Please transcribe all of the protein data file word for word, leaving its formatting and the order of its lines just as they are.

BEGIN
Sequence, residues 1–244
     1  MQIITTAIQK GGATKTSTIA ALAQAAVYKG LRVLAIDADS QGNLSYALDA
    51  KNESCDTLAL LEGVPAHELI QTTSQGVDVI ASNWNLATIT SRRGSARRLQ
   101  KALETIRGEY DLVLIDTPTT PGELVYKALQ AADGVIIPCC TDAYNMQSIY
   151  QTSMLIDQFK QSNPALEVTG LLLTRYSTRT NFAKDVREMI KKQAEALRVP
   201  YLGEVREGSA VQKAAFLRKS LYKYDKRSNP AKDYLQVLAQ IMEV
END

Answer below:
Sequence, residues 1–244
     1  MQIITTAIQK GGATKTSTIA ALAQAAVYKG LRVLAIDADS QGNLSYALDA
    51  KNESCDTLAL LEGVPAHELI QTTSQGVDVI ASNWNLATIT SRRGSARRLQ
   101  KALETIRGEY DLVLIDTPTT PGELVYKALQ AADGVIIPCC TDAYNMQSIY
   151  QTSMLIDQFK QSNPALEVTG LLLTRYSTRT NFAKDVREMI KKQAEALRVP
   201  YLGEVREGSA VQKAAFLRKS LYKYDKRSNP AKDYLQVLAQ IMEV